Music is a Powerful Tool for Memory!

Has a song ever come on the radio and you’re instantly transported back to a time from your youth?  It’s more than just a memory—it’s so vivid you can practically smell it and taste it and feel it.  In fact, the detail may be sharper than something much more recent.


Record player

Why is that?

Music can help to encode memories. The very structure of music—with melody and phrasing—makes it easier to recall later.  When young children are trying to learn the alphabet, we often use a sing-song tune to make it easier to remember and sing along, “now I know my A, B, C,’s…”.  The tune of the music serves as a cue for memory. When your brain struggles to retrieve the information from the hippocampus directly, the cue of the melody and rhythm associated with the information provides an alternate route to access the same information.


If you try and memorize a list of words, you’d be using your explicit memory.  Explicit memory is intentional—you concentrate on recalling the past. It’s the type of memory that allows you to answer factual questions like: who, what, where, when and why. 


Implicit memory, on the other hand, is less intentional. It happens almost unconsciously as you absorb information through a combination of all of your senses, and thus uses numerous parts of the brain.  Implicit memory is often very powerful and connected to a strong emotional reaction.  Music connects to implicit memory and can often draw out strong emotions.


When that song comes on the radio and instantly transports you back to your youth, it is implicit memory that is connecting the music and emotion.  In fact, the emotion you feel may not even match the emotion in the song; a sad song may evoke memories of a happy time, or a happy song could be associated with a sad memory.  You may also notice that the music which triggers the strongest memories typically comes from your youth—your teenage years and your twenties.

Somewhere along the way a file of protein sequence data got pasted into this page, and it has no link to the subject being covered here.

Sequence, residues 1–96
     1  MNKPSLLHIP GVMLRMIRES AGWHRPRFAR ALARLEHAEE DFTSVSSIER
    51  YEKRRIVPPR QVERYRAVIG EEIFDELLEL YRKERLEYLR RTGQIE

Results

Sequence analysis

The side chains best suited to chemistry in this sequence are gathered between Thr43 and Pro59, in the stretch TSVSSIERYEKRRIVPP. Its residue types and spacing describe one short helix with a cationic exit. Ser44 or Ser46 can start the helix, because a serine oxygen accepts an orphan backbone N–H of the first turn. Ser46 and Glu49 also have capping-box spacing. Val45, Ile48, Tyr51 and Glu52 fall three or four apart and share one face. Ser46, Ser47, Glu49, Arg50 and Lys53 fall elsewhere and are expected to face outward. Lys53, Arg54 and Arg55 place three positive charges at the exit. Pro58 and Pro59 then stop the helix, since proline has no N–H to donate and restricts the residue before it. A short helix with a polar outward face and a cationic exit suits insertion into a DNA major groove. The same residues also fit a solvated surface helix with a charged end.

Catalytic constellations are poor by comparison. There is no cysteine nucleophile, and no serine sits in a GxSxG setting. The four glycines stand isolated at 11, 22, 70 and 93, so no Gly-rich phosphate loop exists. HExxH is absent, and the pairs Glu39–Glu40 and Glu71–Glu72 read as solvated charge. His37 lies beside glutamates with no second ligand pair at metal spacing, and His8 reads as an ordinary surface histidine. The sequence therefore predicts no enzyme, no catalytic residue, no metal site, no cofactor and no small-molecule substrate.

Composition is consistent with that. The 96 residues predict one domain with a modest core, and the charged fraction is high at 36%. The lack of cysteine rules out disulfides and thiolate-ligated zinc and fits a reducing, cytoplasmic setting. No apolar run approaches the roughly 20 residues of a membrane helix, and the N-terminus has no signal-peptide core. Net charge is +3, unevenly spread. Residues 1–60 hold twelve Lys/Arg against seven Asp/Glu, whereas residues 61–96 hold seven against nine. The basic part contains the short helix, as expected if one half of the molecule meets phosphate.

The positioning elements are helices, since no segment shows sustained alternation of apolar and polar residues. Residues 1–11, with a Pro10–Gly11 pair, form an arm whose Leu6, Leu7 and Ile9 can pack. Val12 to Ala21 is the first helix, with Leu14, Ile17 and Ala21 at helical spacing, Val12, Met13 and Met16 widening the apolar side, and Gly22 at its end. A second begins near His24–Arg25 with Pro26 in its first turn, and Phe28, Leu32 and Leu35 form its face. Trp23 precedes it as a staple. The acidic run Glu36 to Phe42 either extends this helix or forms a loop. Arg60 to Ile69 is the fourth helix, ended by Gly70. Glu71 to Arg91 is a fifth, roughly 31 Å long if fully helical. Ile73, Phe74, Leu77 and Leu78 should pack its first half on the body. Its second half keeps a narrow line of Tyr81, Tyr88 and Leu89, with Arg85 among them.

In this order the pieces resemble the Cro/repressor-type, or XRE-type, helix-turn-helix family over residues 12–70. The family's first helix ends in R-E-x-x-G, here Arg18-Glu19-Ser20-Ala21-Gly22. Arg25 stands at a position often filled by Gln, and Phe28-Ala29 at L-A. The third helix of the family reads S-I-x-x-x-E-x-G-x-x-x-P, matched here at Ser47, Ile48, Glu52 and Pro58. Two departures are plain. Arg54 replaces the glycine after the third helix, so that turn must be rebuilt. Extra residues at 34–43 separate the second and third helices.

This time in life is characterized by gaining independence and having many new experiences, all set to the soundtrack of the era. Often, it will be the pop music of the era, the top 20 or top 50 hits that are being played everywhere you go which further cement the memories and the music as being very specific to that timeframe.


Because music connects to implicit memories and strong emotions of the past, it can be a successful tool to help people access memory when their explicit memory system is not retrieving memories as efficiently.  If someone’s explicit memory has been damaged by dementia or Alzheimer’s, or if they’ve suffered a traumatic brain injury such as a stroke, music can create a bridge to implicit memories.


a microphone for singing

Music can also affect speech.

While it would seem like singing and speaking are pretty similar functions, our brains perceive them as totally different activities.  Speaking is a left-brain activity whereas singing is a right brain activity.  When someone suffers a stroke to the left side of their brain, speech is typically affected.  They may have expressive aphasia where they know exactly what they want to say, but the words won’t come out.  Fascinatingly though, people with aphasia are often able to sing!  If the left-brain stroke did not affect the right side of the brain, then the ability to sing may remain intact. Once set to a melody, it becomes possible to utter words.


Initially, someone may be able to sing the words to a familiar song. Over time, they can train their brain to sing alternate words to the same familiar tune.


Beyond the possibilities of speech, music can serve as a form of communication. It is a way to connect with someone who otherwise can’t speak or otherwise communicate. It offers the opportunity to share a moment together where you can be completely present, enjoying the music. By selecting music that matches their youthful era, you can help your elderly loved ones to revisit strong, emotional implicit memories from their youth.  You may be surprised and delighted at the strong emotional reactions that music can create.


So break out the old records and cassettes, or create a custom playlist, and crank up the volume!

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